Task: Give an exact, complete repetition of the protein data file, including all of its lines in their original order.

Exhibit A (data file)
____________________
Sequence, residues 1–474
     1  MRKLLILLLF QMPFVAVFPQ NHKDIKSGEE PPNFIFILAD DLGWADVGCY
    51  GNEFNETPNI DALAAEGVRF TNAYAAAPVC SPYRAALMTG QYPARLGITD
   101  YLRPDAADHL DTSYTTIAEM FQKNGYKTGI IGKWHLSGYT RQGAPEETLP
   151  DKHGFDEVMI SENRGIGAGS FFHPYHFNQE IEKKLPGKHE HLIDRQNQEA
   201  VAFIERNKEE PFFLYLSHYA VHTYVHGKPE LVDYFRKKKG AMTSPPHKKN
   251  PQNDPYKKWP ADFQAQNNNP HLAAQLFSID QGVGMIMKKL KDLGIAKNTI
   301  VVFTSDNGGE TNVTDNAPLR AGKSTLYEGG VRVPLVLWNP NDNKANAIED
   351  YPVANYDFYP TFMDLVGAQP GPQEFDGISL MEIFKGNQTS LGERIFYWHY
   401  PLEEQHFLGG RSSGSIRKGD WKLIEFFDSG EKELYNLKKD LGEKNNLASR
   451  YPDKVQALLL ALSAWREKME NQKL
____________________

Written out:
Sequence, residues 1–474
     1  MRKLLILLLF QMPFVAVFPQ NHKDIKSGEE PPNFIFILAD DLGWADVGCY
    51  GNEFNETPNI DALAAEGVRF TNAYAAAPVC SPYRAALMTG QYPARLGITD
   101  YLRPDAADHL DTSYTTIAEM FQKNGYKTGI IGKWHLSGYT RQGAPEETLP
   151  DKHGFDEVMI SENRGIGAGS FFHPYHFNQE IEKKLPGKHE HLIDRQNQEA
   201  VAFIERNKEE PFFLYLSHYA VHTYVHGKPE LVDYFRKKKG AMTSPPHKKN
   251  PQNDPYKKWP ADFQAQNNNP HLAAQLFSID QGVGMIMKKL KDLGIAKNTI
   301  VVFTSDNGGE TNVTDNAPLR AGKSTLYEGG VRVPLVLWNP NDNKANAIED
   351  YPVANYDFYP TFMDLVGAQP GPQEFDGISL MEIFKGNQTS LGERIFYWHY
   401  PLEEQHFLGG RSSGSIRKGD WKLIEFFDSG EKELYNLKKD LGEKNNLASR
   451  YPDKVQALLL ALSAWREKME NQKL